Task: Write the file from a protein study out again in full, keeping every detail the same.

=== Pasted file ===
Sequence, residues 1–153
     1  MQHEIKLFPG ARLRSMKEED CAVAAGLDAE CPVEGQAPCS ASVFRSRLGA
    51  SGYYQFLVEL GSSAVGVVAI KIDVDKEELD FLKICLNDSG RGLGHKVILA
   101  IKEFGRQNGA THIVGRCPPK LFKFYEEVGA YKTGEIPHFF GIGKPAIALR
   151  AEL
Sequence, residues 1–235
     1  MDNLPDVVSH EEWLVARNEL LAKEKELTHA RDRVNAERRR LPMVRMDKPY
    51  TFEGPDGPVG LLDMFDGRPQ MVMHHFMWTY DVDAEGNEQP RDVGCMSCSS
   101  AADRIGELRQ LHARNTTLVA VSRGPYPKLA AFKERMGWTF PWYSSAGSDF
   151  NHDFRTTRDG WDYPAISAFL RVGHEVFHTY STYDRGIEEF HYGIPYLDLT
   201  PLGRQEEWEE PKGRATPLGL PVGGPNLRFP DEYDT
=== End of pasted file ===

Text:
Sequence, residues 1–153
     1  MQHEIKLFPG ARLRSMKEED CAVAAGLDAE CPVEGQAPCS ASVFRSRLGA
    51  SGYYQFLVEL GSSAVGVVAI KIDVDKEELD FLKICLNDSG RGLGHKVILA
   101  IKEFGRQNGA THIVGRCPPK LFKFYEEVGA YKTGEIPHFF GIGKPAIALR
   151  AEL
Sequence, residues 1–235
     1  MDNLPDVVSH EEWLVARNEL LAKEKELTHA RDRVNAERRR LPMVRMDKPY
    51  TFEGPDGPVG LLDMFDGRPQ MVMHHFMWTY DVDAEGNEQP RDVGCMSCSS
   101  AADRIGELRQ LHARNTTLVA VSRGPYPKLA AFKERMGWTF PWYSSAGSDF
   151  NHDFRTTRDG WDYPAISAFL RVGHEVFHTY STYDRGIEEF HYGIPYLDLT
   201  PLGRQEEWEE PKGRATPLGL PVGGPNLRFP DEYDT